HIV nursing and research

Hello and welcome to this issue of HIV Nursing. I am really excited about this edition, which has a focus on research in HIV care.

HIV Nursing 2017; 17: 75–76

James Meek
Senior Lecturer. University of Central Lancashire

Drugs, alcohol and HIV: It’s all about extremes

Themes, themes, themes. Deciding the themes we select for HIV Nursing can be an arduous task. Over the past 11 years we have exhausted many avenues, but surprisingly we’ve never really hit upon drugs and alcohol.

Shaun Watson
Clinical Nurse Specialist


Welcome to the autumn issue of HIV Nursing. As I write this editorial, the NHIVNA annual conference seems a distant memory. It is always inspirational to come across like-minded nurses in the same field sharing their expertise and knowledge, and innovative ideas.

Linda Panton
Clinical Nurse Specialist, Western General Hospital, Edinburgh

Show and tell – the art of poster prevention

This is the first of a series of short articles with guidance for those who would like to present research. Here we give some pointers on preparing a poster for a conference.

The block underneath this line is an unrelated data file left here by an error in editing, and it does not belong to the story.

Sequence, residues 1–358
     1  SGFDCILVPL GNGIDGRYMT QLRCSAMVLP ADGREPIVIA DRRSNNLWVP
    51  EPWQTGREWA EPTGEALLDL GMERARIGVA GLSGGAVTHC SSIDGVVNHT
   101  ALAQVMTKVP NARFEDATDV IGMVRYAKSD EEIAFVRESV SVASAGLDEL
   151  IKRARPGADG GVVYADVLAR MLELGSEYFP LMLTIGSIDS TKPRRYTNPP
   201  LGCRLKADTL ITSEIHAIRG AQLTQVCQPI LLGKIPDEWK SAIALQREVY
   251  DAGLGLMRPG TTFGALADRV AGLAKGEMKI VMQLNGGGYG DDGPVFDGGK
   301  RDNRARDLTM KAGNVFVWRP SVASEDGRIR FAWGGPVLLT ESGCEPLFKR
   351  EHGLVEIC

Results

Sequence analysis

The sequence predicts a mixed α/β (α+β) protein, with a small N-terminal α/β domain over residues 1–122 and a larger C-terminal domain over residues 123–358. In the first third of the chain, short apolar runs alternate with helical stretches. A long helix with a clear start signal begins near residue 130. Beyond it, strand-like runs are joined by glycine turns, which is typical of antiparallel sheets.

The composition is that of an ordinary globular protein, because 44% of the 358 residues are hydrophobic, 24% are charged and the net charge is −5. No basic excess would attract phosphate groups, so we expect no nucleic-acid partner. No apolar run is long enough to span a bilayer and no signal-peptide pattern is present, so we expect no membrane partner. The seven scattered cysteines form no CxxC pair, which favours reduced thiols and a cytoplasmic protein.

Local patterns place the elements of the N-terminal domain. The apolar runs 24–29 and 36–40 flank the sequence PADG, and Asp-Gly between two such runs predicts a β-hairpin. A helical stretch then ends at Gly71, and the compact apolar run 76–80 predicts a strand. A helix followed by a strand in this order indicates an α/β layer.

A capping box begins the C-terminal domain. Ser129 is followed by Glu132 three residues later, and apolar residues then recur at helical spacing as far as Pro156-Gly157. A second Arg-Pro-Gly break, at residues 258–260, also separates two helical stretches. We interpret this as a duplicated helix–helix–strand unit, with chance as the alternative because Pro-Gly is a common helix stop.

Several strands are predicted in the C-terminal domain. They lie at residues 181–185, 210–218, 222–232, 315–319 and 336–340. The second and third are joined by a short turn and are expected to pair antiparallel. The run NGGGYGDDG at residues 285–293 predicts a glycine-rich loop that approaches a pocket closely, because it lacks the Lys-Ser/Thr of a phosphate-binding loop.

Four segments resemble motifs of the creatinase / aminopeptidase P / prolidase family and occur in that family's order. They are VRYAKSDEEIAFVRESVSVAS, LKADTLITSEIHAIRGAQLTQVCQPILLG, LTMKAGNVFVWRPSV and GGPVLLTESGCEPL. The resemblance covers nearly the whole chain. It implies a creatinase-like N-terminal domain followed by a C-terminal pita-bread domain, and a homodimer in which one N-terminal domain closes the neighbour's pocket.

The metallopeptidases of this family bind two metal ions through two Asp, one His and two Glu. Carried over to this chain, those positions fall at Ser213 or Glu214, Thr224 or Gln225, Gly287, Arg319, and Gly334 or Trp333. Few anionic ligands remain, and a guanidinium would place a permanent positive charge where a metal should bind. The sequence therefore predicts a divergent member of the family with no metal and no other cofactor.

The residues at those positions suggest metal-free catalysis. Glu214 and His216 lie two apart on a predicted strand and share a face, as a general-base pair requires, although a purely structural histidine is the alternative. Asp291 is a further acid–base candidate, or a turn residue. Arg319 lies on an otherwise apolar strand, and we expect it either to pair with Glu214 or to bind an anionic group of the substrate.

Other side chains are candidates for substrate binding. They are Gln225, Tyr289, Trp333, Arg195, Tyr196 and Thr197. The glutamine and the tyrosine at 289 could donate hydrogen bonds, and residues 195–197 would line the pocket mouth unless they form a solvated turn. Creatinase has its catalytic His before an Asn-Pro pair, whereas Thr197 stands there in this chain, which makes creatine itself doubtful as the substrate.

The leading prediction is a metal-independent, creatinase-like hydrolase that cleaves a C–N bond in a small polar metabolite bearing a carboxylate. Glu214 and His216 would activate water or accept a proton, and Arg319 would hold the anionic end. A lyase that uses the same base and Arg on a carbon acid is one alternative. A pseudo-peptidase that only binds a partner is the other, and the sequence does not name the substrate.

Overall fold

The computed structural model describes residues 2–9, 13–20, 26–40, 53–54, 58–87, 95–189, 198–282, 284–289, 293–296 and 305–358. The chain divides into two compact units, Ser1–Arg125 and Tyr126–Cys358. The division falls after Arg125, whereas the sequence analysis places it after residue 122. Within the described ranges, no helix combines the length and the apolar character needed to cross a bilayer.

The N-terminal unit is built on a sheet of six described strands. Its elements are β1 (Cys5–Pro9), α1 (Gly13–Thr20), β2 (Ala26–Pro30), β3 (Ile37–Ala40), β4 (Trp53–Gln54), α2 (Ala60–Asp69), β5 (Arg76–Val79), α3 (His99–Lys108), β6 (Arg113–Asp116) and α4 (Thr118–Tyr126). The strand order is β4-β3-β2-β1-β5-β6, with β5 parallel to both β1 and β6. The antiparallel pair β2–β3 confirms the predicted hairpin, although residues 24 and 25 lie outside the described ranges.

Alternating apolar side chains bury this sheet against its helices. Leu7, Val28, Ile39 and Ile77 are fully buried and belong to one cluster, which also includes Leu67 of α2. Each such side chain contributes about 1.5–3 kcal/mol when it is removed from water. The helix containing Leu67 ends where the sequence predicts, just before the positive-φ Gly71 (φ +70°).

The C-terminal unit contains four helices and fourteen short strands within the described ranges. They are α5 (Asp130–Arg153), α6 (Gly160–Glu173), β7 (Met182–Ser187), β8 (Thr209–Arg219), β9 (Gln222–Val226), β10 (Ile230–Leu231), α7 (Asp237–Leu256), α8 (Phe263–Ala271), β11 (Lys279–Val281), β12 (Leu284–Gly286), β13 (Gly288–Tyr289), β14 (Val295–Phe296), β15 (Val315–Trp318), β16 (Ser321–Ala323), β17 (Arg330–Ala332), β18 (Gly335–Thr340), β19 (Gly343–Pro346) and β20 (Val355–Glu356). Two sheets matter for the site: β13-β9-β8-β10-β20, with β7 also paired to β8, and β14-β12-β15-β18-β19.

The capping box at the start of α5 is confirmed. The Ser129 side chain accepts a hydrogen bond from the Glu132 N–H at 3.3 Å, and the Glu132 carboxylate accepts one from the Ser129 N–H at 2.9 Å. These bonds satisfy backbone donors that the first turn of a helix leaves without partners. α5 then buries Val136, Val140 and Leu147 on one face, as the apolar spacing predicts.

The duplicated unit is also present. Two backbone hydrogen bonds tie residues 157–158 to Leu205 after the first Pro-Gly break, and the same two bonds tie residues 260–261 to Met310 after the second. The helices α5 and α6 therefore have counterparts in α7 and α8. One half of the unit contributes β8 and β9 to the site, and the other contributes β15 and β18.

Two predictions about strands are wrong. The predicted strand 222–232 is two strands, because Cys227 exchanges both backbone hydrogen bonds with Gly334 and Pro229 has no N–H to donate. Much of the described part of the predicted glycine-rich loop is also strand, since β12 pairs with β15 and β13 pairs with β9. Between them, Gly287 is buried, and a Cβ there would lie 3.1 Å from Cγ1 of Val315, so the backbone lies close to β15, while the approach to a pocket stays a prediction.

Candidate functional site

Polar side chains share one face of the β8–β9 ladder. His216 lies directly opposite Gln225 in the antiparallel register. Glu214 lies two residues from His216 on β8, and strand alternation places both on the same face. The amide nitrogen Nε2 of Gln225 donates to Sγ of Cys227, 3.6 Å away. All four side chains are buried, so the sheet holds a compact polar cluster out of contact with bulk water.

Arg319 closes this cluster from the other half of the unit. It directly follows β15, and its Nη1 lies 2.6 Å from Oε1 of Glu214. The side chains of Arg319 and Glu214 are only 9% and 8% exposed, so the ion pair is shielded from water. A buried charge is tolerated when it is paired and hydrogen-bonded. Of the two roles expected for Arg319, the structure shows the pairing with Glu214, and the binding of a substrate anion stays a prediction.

Juliet Bennett
Independent Nurse Advisor

Peer support in HIV care

While very much an upcoming health support strategy, peer support has been a mainstay of HIV care since the initial days of the epidemic, over 30 years ago. The gay community took up the challenge to look after its own when few others would, setting up organisations such as Body Positive and Terrence Higgins Trust to provide support and share what little information there was available. Peer support has developed over the years and with the NHS recognising its value, and many local authorities specifying the requirement for peer support and mentoring in their tenders for HIV services, the time has clearly come for programmes that deliver on the approach laid out in the BHIVA 'Standards of Care for People Living with HIV'.

Garry Brough
Positively UK

Continuing professional development: HIV and renal disorders

Despite advances in HIV medicine it is widely acknowledged that people living with HIV are at particular risk of renal problems although the pattern of disease has changed significantly over time renal disease, also known as kidney disease or nephropathy, is currently one of the most common non-infectious comorbidities seen among PLWH.

HIV Nursing 2017; 17: 77–87

Juliet Bennett
Independent Nurse Advisor

HIV Nursing

Sharing best practice in HIV care

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